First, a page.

To characterize in greater detail the cells involved in the hepatic uptake of polyomavirus, freshly isolated liver NPCs were incubated with infectious BKV, non-labeled BK-VLPs, or JC-VLPs for various time periods (30 min–1 h), immune labeled and subjected to confocal microscopy (Figure 5A–F). Both LSECs and Kupffer cells took up BK- and JC-VLPs, and BKV in vitro. Results were confirmed by double labeling with anti-BK-VP1 antiserum and antibodies against the mannose receptor (LSEC marker in liver [26]; Figure 5A–C; Figure S2) or CD68 (Kupffer cell marker; Figure 5D–F). Cryo-immune electron microscopy of purified LSEC cultures incubated with infectious BKV for 2 h showed virus accumulation in membrane-bound compartments (Figure 5G, H).

Figure 5. In vitro endocytosis of BK- and JC-VLPs, and BK virions in liver sinusoidal cells.

Freshly isolated non-parenchymal liver cells (mixed LSEC and Kupffer cell cultures) were incubated at 37°C for 30 min with BK virions (A, D), or for 1 h with 10 µg/ml BK-VLPs (B, E), or JC-VLPs (C, F), fixed, and double immune labeled with a rabbit anti-BK-VP1 antiserum (red fluorescence) and antibodies against the mannose receptor (MR; LSEC marker; shown in green), or CD68 (Kupffer cell marker; green). Antibodies are listed in Table 1. Uptake of BK virions and BK-/JC-VLPs was observed both in isolated LSECs (arrows, A–C) and Kupffer cells (arrow heads, D–F). Panels G–H: Cryo-immune electron microscopy of BK virion uptake in LSEC membrane-bound vesicles. Purified LSEC cultures were incubated with BK virions for 2 h at 37°C. Positive BK-VP1 staining was visualized by protein-A-10 nm gold particles (black dots). Arrowheads points to vesicular membranes, and arrows to virus particles. Nu, nucleus.

Liver uptake of blood-borne VLPs was not dependent on sialic acids

It is reported that BKV and JCV enter their natural host cells via carbohydrate receptors [55]. While BKV binds to alpha(2,3)-linked sialic acids on (for instance) gangliosides [56], JCV binds to alpha(2,6)-linked glycan lactoseries tetrasaccharide c (LSTc) [57]. To test whether blood clearance of JCV in mice is dependent on alpha(2,6)-linked sialic acids, we examined the elimination from blood of two JC-VLP variants occurring frequently in PML patients, namely JC-VLPL55F and JC-VLPS269F (Figure 6A–D, Table 2), which had been shown to no longer hemagglutinate red blood cells and to have lost their respective sialic acid receptor binding properties [58]. These VLPs were constructed from mutant forms of the JCV capsid protein VP1, in which one amino acid in the sialic acid binding loop of VP1 had been substituted. The data show that 125I-JC-VLPL55F and 125I-JC-VLPS269F were removed from the circulation in a similar manner as the JC-VLPs made from Mad-1 JC-VP1 (named here as JC-VLP) (Table 2). After 60 min nearly all 125I-JC-VLPL55F, and 80% of the 125I-JC-VLPS269F were eliminated from blood (Figure 6A, C). Similarly to the JC-VLPs, acid soluble 125I-degradation products appeared in the circulation already after 10 min (Figure 6B, D).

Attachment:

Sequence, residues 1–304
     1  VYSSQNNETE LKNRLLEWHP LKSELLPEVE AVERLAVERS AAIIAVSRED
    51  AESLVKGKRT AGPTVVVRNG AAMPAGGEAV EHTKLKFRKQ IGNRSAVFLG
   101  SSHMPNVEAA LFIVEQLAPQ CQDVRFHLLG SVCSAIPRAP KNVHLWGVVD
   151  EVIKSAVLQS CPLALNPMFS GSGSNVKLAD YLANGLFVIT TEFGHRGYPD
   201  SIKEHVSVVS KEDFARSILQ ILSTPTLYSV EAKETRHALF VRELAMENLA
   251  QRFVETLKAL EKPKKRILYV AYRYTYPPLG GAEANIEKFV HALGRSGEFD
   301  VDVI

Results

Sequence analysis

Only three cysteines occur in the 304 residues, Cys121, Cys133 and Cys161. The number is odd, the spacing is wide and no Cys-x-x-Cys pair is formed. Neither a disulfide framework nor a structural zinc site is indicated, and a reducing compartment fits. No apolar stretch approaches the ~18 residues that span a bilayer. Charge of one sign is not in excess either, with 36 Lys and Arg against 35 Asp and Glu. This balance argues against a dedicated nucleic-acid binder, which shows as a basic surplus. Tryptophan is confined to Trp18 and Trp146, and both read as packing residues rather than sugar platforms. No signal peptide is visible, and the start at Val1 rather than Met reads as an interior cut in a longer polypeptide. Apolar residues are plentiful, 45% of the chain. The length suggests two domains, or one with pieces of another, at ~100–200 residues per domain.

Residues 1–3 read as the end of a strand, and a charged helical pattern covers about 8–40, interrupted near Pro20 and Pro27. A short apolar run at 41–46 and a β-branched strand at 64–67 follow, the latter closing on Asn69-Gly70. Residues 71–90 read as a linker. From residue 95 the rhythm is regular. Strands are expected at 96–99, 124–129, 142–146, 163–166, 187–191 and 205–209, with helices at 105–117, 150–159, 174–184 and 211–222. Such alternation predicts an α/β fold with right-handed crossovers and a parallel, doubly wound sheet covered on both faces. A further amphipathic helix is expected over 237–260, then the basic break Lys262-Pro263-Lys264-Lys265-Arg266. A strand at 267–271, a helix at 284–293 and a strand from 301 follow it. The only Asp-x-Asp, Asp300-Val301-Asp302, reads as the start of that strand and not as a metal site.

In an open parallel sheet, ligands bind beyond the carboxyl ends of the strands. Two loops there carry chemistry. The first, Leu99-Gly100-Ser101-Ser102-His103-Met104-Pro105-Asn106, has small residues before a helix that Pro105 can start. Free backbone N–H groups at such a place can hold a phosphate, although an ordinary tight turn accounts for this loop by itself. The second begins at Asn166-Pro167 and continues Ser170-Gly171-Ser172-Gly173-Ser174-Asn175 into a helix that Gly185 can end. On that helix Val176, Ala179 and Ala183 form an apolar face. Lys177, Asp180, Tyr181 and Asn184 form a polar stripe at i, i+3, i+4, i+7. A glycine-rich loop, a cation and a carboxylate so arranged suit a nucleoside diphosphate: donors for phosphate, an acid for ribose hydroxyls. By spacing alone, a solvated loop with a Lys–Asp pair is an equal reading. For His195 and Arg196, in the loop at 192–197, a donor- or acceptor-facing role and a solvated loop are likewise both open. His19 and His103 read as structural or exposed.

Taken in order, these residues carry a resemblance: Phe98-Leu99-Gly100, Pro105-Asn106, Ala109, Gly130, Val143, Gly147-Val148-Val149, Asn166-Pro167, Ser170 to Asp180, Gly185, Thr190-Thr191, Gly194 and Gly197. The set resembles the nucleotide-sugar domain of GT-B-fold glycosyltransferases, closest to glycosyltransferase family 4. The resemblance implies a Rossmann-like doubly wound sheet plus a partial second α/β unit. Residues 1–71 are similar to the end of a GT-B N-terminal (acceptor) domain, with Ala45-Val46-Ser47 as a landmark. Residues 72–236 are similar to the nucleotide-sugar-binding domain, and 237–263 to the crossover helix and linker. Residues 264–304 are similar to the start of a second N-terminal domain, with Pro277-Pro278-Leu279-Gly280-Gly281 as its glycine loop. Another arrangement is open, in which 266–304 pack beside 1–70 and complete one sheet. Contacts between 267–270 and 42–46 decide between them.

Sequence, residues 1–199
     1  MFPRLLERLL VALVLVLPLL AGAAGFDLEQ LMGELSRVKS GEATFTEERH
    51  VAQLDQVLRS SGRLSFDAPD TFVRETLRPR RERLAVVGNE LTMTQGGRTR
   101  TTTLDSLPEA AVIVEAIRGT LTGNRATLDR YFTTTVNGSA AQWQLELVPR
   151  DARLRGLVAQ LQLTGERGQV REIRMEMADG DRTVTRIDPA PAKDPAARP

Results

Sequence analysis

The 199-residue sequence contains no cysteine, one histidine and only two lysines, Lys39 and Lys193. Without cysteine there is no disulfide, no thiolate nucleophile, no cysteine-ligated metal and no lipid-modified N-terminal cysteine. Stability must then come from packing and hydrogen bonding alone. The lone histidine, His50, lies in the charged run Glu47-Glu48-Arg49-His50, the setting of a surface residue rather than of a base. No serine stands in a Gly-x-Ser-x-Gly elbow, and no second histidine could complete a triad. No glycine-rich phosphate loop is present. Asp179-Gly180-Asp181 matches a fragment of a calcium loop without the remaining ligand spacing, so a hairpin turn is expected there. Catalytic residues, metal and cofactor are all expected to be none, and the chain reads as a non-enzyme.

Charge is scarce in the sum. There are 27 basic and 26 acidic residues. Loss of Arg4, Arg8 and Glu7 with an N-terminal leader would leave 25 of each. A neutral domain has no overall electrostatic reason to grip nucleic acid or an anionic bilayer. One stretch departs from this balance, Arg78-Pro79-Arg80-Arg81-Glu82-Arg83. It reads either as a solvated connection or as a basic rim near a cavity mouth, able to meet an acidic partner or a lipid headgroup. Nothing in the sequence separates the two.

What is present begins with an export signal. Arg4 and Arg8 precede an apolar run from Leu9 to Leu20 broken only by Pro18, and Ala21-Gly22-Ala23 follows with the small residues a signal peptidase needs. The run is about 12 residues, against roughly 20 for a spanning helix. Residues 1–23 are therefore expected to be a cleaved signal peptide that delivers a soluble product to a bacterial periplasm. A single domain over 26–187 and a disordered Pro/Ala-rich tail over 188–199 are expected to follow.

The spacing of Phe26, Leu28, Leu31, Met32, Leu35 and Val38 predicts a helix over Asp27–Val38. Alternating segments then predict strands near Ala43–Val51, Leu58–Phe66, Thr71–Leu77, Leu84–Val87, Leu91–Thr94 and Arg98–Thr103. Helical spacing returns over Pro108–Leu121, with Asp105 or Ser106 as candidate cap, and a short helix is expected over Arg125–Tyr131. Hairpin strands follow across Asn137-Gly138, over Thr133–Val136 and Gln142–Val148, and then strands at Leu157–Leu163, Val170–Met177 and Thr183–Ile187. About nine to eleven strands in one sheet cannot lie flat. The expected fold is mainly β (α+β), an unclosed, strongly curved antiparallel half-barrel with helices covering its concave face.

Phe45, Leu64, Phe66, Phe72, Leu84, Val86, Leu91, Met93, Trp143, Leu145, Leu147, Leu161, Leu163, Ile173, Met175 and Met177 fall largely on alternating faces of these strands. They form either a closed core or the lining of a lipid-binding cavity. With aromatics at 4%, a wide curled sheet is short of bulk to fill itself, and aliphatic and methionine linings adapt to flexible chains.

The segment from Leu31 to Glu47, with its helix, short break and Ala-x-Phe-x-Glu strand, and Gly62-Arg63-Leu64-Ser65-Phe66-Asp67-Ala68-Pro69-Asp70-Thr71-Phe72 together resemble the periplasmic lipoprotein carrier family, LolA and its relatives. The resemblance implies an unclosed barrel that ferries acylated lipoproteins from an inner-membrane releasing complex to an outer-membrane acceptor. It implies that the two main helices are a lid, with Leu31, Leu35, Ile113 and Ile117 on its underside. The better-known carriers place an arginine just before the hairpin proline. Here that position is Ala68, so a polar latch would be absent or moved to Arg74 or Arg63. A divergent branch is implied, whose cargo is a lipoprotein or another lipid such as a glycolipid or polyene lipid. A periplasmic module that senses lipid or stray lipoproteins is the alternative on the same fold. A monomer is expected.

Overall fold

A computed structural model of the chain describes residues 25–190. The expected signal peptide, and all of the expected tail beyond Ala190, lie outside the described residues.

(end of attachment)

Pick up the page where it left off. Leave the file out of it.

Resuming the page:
Figure 6. Blood clearance and organ distribution of mutant JC-VLPs.

Mice were injected intravenously with 125I-JC-VLPL55F (n = 3, A–B), or 125I-JC-VLPS269F (n = 3, C–D), and blood samples taken at the indicated time points and analyzed for 125I-labeled degradation products and intact ligand [15]. Panels A and C show the decrease of intact ligand in blood as a function of time. Panels B and D show the increase in degradation products released into the blood with time. Different symbols refer to separate animals, and cpm to counts per minute. The slopes of the lines drawn in B and D represent the average release rate of degradation products in the 10–30 min period after ligand injection where this release followed approximate first order kinetics. E) Tissue distribution 60 min post injection. The animals in A–D were sacrificed after 60 min, and organs and tissues analyzed for radioactivity. Recovered radioactivity in all tissues at this time point was taken as 100%. Error bars represent SEM. GI tract, gastrointestinal tract (stomach and intestines including mesenterium); U bladder, urine bladder. F) Hepatocellular distribution (±SD) of 125I-labeled JC-VLP mutants 10 min after intravenous injection; liver tissue was dispersed by collagenase perfusion, and radioactivity was measured in hepatocyte and non-parenchymal cell (NPC) fractions, respectively. G) Cellular distribution of JC-VLPS269F (anti-VP1 staining) 15 min after VLP injection. Uptake of JC-VLPS269F (red fluorescence; arrowheads) is seen along the sinusoids (s).